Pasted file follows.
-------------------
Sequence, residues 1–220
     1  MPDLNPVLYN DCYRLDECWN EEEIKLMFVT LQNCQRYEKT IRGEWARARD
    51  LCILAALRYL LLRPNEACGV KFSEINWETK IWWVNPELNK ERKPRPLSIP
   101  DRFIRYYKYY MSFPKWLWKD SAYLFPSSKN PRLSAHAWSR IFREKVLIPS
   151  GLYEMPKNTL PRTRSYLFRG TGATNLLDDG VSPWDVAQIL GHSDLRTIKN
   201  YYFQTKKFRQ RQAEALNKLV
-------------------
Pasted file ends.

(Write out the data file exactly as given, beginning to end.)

Sequence, residues 1–220
     1  MPDLNPVLYN DCYRLDECWN EEEIKLMFVT LQNCQRYEKT IRGEWARARD
    51  LCILAALRYL LLRPNEACGV KFSEINWETK IWWVNPELNK ERKPRPLSIP
   101  DRFIRYYKYY MSFPKWLWKD SAYLFPSSKN PRLSAHAWSR IFREKVLIPS
   151  GLYEMPKNTL PRTRSYLFRG TGATNLLDDG VSPWDVAQIL GHSDLRTIKN
   201  YYFQTKKFRQ RQAEALNKLV